On This Day: May 10 | Los Angeles Public Library
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On This Day: May 10

Keith Chaffee, Librarian, Collection Development,
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Great moments in history and popular culture happen every day, and ON THIS DAY will share a few of them with you. We’ll also point you to related resources in our collection, helping you to discover classic films, musical favorites, and historical tidbits. The primary focus will be on our e-material – e-books, e-audio, and downloadable and streamable music and film – but physical books and DVDs will also be part of the fun.

Tiomkin: The Essential Film Music Collection On this day in 1894, Dmitri Tiomkin was born. Tiomkin was a prolific composer of film scores; he scored nine films in 1952 alone, and was almost as productive throughout the 1950s. His theme song from High Noon ("Do Not Forsake Me, O My Darling") is often credited with saving the movie; the studio was reluctant to release it until Tiomkin arranged for the song to be released as a single. It was a hit, forcing the studio to release the film, which was also a hit. Highlights from Tiomkin's film scores are gathered in The Essential Film Music Collection, available for streaming at Hoopla.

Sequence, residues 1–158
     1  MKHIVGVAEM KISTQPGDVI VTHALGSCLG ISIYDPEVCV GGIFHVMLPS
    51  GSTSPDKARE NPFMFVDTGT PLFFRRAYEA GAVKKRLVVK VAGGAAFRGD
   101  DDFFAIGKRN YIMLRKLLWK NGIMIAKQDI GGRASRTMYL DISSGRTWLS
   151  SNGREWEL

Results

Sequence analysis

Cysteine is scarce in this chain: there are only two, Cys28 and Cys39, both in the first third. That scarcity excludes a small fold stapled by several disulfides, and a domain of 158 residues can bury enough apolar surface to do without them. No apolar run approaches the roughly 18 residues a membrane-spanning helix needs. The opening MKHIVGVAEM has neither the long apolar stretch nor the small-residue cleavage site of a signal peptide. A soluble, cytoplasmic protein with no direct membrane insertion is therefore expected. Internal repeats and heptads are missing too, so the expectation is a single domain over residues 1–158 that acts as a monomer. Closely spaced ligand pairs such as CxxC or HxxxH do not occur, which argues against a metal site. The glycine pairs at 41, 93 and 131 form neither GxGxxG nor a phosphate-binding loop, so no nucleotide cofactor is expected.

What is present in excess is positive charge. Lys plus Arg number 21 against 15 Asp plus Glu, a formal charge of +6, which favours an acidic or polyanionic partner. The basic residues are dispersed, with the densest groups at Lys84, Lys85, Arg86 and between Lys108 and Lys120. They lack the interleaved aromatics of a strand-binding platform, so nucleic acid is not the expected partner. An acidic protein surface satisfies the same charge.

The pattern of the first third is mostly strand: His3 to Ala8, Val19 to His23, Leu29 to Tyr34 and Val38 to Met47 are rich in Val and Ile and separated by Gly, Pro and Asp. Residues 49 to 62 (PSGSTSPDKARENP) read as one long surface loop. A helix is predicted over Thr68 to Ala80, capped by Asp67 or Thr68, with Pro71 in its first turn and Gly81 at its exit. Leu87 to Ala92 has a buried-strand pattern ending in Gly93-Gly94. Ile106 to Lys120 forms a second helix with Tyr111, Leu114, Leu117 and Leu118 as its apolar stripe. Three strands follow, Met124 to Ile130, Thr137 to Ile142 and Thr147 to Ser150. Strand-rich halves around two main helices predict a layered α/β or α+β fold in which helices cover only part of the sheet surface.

Look Ma, I'm Dancin'! On this day in 1922, Nancy Walker was born. Walker is best remembered today for her television work in the 1970s, which included supporting roles in Macmillan & Wife and Rhoda, and a long-running series of TV commericals for paper towels in which she played Rosie the waitress. She had been working in television and theater for thirty years before those roles, though, appearing in the original Broadway casts of On The Town and Do Re Mi. Walker's typical character was the sarcastically quipping sidekick. She had a rare starring role in the 1948 musical Look Ma, I'm Dancin!; the original cast recording is available for streaming at Hoopla.
Curt Gentry: J. Edgar Hoover And on this day in 1924, J. Edgar Hoover was appointed director of the Bureau of Investigation, which would change its name in 1935 to the Federal Bureau of Investigation. Hoover would lead the FBI until his death in 1972, and would leave behind a mixed legacy. He brought many modern crime-fighting techniques to the agency, and was largely responsible for the heroic "G-Man" image in film and television of the 1950s and 1960s. But by the end of his career, and after his death, it became clear that Hoover had also greatly abused the agency's power to harass dissidents and political activists, and to gather data about his enemies in a variety of illegal ways. Curt Gentry's biography, J. Edgar Hoover: The Man and the Secrets, explores Hoover's half-century reign over the FBI; it's available as an e-book at OverDrive, or in print.